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By Josh Green, progressive guest columnist
I’m a free-marketer. I believe the free market is great for business growth, strong economies and innovation, but not so great for self-regulating and preventing abuses.
And I thought all my favorite conservatives out there favored free markets, too, until we got into the nitty gritty of health care reform. Then I learned that conservatives actually want to protect monopolies, the antithesis of the free market.
Monopolies, or oligopolies, are systems in which one or a few companies dominate a market to the point where competition is kept from flourishing. Companies with a dominant market share (think Microsoft or Google) can’t help themselves — they want to maintain that dominance, set pricing on their products that ensures large profits and basically keep any upstarts from ruining their good deal. This is why we have anti-trust laws — monopolies, we’ve found throughout history, kill competition, hurt consumer choice and are about as un-American and anti-capitalist as an institution can be.
Then why are conservatives defending the monopolies that health insurance companies enjoy throughout the United States?
Don’t believe it? The facts aren’t really in dispute.
Even the American Medical Association — which has been resisting real reform for decades because its doctor membership fears its six-figure plus salaries might take a small hit — admits in a report that 24 percent of all the metropolitan areas it surveyed has an insurer with 70 percent or more market share. Sixty-four percent of all markets have an insurer with more than 50 percent of the market.
Still don’t believe it? Check out the map yourself.
Anyone with business sense will tell you that those numbers give a false impression of a robust health care market. Those with a little more knowledge of the health care business will tell you that it’s no surprise that concentrations like this occur.
A health insurer is not in the business of trying to get into as many markets as it can nationwide. It’s in the business of spreading risk — translation: maximizing young, healthy people in its pool, and minimizing old, sick people. They want to cherry-pick the best markets, not offer insurance to rural folks or poor folks who tend to have higher health risks.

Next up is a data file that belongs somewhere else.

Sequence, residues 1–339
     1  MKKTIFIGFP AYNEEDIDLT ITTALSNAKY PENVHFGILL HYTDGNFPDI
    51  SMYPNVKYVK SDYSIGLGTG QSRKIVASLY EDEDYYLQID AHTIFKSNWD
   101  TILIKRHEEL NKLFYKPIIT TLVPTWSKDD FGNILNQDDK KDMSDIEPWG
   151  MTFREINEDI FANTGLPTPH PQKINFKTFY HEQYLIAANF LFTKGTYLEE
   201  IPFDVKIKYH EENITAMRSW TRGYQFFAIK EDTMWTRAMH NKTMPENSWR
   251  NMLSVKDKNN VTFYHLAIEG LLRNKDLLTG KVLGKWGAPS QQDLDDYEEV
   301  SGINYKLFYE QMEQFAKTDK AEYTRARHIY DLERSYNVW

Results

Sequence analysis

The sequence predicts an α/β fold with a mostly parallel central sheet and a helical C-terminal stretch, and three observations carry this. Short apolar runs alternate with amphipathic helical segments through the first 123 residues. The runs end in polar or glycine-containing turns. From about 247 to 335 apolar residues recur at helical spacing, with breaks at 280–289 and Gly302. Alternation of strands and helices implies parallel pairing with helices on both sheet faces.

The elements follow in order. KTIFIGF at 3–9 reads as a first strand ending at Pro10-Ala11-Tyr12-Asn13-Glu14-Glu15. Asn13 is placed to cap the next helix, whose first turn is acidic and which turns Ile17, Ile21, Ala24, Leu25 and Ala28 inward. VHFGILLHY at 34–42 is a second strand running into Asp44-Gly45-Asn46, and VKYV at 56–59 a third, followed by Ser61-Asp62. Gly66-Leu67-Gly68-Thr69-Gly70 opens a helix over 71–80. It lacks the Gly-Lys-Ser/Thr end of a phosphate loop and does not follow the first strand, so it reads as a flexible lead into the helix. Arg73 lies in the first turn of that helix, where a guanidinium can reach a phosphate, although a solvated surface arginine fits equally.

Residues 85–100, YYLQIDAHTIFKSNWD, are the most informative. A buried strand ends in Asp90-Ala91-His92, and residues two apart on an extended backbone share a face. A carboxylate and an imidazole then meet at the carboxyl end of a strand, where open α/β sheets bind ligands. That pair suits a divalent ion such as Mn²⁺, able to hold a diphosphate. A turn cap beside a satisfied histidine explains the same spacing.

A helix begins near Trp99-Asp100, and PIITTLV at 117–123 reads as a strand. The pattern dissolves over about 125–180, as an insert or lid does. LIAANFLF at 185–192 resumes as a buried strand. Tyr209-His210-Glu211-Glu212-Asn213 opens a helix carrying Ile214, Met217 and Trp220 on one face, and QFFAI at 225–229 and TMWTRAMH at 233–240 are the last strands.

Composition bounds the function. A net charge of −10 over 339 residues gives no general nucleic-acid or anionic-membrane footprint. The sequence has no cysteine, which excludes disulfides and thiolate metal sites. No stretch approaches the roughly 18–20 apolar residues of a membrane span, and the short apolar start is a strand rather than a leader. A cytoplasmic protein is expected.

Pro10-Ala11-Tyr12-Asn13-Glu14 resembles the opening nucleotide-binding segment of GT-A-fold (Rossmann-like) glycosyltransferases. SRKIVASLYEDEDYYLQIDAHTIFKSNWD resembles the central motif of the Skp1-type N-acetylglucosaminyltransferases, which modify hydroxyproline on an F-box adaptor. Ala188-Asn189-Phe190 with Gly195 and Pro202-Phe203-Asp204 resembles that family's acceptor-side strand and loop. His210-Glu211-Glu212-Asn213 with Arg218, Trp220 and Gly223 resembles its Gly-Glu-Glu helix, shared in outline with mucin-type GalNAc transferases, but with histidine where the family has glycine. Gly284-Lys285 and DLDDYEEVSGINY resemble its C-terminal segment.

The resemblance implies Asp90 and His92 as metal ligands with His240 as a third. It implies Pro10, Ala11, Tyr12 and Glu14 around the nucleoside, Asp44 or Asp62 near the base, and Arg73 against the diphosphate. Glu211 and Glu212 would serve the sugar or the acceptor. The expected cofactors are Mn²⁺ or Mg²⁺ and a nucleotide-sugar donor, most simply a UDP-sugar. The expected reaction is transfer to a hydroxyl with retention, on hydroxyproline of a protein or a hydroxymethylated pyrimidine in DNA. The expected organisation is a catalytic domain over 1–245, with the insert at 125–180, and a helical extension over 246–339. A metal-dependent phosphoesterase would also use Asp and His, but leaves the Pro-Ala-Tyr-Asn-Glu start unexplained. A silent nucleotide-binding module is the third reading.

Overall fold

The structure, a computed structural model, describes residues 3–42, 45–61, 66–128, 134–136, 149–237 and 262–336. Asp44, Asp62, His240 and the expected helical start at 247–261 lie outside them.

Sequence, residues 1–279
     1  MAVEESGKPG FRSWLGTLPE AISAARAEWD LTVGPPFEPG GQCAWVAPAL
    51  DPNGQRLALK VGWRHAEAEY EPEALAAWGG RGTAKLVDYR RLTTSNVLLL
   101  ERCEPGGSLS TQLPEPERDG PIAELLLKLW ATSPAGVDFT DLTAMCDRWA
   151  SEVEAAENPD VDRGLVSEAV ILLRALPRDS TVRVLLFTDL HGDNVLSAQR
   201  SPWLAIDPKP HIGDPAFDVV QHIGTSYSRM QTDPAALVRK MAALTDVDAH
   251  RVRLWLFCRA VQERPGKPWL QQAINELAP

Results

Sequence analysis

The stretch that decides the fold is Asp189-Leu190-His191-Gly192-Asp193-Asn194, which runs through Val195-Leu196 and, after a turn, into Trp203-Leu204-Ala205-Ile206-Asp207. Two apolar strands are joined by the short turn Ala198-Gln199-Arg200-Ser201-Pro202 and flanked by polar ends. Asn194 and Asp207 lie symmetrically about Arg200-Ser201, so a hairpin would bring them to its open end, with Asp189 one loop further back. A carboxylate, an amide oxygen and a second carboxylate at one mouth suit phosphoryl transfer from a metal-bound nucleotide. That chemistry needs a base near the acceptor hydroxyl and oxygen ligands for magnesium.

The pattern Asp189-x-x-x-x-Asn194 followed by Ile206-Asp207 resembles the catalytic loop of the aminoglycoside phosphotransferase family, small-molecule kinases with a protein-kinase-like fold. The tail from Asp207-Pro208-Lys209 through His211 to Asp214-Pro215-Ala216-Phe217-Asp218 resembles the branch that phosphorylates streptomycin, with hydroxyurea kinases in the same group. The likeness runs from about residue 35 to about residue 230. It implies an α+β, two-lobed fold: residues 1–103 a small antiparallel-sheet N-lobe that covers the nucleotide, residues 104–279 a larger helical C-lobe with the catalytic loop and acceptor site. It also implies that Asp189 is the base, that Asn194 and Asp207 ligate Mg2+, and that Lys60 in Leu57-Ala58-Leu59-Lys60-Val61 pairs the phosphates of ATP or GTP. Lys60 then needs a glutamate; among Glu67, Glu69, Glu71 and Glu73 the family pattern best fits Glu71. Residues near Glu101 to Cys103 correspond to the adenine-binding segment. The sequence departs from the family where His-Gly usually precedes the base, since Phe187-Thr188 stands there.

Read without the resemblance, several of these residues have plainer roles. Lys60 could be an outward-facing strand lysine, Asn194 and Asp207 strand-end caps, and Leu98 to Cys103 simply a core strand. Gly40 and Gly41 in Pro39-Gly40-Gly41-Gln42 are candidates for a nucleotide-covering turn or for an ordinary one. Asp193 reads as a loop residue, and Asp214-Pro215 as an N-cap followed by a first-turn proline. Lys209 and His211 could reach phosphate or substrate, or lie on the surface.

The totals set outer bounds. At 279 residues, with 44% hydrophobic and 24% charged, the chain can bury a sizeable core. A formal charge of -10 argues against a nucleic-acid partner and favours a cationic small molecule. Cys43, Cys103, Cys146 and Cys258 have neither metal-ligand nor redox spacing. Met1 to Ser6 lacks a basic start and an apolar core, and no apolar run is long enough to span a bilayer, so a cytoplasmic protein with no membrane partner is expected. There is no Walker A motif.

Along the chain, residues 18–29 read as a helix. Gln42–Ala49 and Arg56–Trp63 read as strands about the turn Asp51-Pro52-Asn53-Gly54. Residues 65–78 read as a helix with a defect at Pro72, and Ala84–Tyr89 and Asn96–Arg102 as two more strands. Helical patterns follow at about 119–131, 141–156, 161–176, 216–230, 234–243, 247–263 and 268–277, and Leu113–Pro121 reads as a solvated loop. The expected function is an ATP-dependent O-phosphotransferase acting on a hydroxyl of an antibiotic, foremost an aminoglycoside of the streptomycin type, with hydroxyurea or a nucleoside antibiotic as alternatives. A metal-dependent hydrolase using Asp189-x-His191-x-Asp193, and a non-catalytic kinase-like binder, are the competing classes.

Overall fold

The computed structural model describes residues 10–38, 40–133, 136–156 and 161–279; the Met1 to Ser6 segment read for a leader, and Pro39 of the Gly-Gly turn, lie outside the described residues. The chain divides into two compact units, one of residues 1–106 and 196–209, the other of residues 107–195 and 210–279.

So we have a monopoly problem. Now what? Can we force insurers to get into markets they don’t want to? No. Can we ask an insurer in Texas to offer the same plan to someone in Michigan? Not even close. Insurance premiums are based on actuarial analysis of small geographic areas (we’re talking zip codes). Health care plans, insurers will tell you, don’t cross state lines as a matter of business strategy, not because the government is putting up walls. Insurers would never offer a national, cross-state, one-size-fits-all plan, it would be business suicide.
When conservatives rail against a public plan as if it’s the British National Health System, they are promoting monopolies and sinking competition. They’ve become exactly the opposite of what they claim to be. They want to be free-market cheerleaders, yet they’re cheering for the companies that conspire to clamp down on the free market. They claim they want costs to be brought under control, yet they want the magic of the free market (i.e. the insurers themselves) to do the controlling.
You cannot make an argument out of one side of your mouth that government is a clumsy, inefficient administrator of any service and should be kept out of health care, while out of the other side you argue that government is TOO efficient and has too many advantages over private insurers. It’s one or the other, but you can’t have both.
If you believe in the free market, you believe in providing an alternative — yes, even the dreaded public option, as much as it makes your stomach turn — to monopolistic companies who have no interest in keeping our bodies or the nation’s economy healthy.
Josh Green is a graduate student in political science at UC-Berkeley.
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